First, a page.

Monday, October 25, 2010
Review: Sherlock, A Study in Pink
Finally, finally, finally, Sherlock has made it to the US (though some American viewers found ways of watching it previous to this premiere...), it is being shown as a part of the current Masterpiece Mystery season. The first episode was shown last night and the literary club and I got together to watch it- yes, watching Masterpiece Theatre and drinking tea is our idea of a party, thank you.
In spite of my initial skepticism about a modern Sherlock Holmes, it worked really well. He was a very modern figure, which is probably why the character and stories are still so popular today. Moffat and Gatiss almost seamlessly update all aspects of the setting and methods of Sherlock's deduction. Very clever use of screen text to let the audience glimpse inside Sherlock's thought process, I enjoyed that.
The dialogue was clever, well paced and highly quotable. There were also many references to Sir Arthur Conan Doyle's original stories and characters, some of them even a little tongue-in-cheek, acknowledging some of the changes made in the update.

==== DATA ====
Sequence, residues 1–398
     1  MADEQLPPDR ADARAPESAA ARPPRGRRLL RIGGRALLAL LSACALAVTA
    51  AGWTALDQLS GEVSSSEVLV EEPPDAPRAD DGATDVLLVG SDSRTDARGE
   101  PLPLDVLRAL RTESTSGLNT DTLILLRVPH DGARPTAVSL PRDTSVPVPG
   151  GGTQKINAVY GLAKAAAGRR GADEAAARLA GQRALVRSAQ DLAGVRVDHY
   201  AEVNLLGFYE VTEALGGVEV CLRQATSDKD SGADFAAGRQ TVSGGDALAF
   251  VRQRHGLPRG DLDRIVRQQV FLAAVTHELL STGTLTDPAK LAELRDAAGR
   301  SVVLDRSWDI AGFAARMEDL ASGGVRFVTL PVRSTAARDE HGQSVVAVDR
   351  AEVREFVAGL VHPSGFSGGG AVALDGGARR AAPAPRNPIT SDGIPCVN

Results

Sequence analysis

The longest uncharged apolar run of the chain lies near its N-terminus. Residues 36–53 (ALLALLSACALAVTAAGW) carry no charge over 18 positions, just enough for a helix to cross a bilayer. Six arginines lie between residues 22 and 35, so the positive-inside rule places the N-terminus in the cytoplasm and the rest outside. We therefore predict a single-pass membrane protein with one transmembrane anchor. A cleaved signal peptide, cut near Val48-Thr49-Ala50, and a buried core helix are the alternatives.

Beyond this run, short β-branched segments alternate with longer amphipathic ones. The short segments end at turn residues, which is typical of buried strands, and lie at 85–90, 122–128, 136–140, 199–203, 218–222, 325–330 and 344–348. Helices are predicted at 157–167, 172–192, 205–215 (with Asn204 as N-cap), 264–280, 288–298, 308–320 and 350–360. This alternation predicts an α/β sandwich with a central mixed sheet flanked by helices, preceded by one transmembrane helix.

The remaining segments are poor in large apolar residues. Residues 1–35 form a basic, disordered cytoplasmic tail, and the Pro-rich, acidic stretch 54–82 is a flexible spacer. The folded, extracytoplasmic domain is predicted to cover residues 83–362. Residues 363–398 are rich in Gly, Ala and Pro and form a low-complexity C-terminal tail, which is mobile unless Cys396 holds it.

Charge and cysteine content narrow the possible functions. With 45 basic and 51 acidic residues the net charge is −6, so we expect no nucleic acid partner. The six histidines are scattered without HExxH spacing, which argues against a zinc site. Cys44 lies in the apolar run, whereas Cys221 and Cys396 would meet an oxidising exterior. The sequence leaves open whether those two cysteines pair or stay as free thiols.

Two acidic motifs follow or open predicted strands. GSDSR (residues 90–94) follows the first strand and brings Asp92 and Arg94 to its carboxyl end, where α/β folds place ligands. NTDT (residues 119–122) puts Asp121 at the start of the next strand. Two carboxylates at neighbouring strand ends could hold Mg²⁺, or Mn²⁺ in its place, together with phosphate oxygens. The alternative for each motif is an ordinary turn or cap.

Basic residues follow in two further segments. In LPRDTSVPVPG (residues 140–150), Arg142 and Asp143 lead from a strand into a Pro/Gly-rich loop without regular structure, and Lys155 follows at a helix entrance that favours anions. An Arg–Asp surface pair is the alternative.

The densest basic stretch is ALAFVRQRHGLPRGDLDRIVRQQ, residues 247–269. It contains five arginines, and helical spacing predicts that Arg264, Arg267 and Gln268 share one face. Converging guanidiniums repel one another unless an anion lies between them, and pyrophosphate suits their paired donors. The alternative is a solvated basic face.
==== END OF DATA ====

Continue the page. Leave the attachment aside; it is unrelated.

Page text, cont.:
Now on to the shallow part, I know you were all waiting for it: Benedict Cumberbatch is extremely attractive. Sherlock has always been in the realms of literary crush despite his prickly lack of social skills and level of asexuality- something about that gigantic brain of his is extremely attractive. The funny thing is, I've never found Cumberbatch to be particularly attractive in any of his other roles (he tends to play creeps), but while watching Sherlock I realized how amazing his bone structure is, and his hair is lush as well. Now I can't decide who the sexiest Sherlock is: Cumberbatch or Jeremy Brett, it'll be a struggle.
Martin Freeman as Watson is fantastic in the role and also very cute. The two of them have a great working chemistry, making them a believable team. Although there seemed to be a few purposefully "slashy" moments, I will always feel that they are simply the perfect example of best friends. Sherlock doesn't have any friends, so it's an extremely significant relationship for him even without there being a romantic component.
Overall it was a very good start to the series with some good references to the first Holmes and Watson story, "A Study in Scarlet," though it was an original story. Though updated, in many ways I think it was closer to canon than the recent Robert Downey jr. film, though I didn't have the issues with that film that many did.
Next week episode two, "The Blind Banker" will be shown and I'll review that as well.
Oh, and incidentally, if you Google Sherlock's website in the series, "The Science of Deduction" you'll find this. You may also want to check out Dr. John Watson's Blog, if you're feeling very nerdy and fan-ish, which I was.
Once again, a bit of media I import eats my sidebar. Oh well.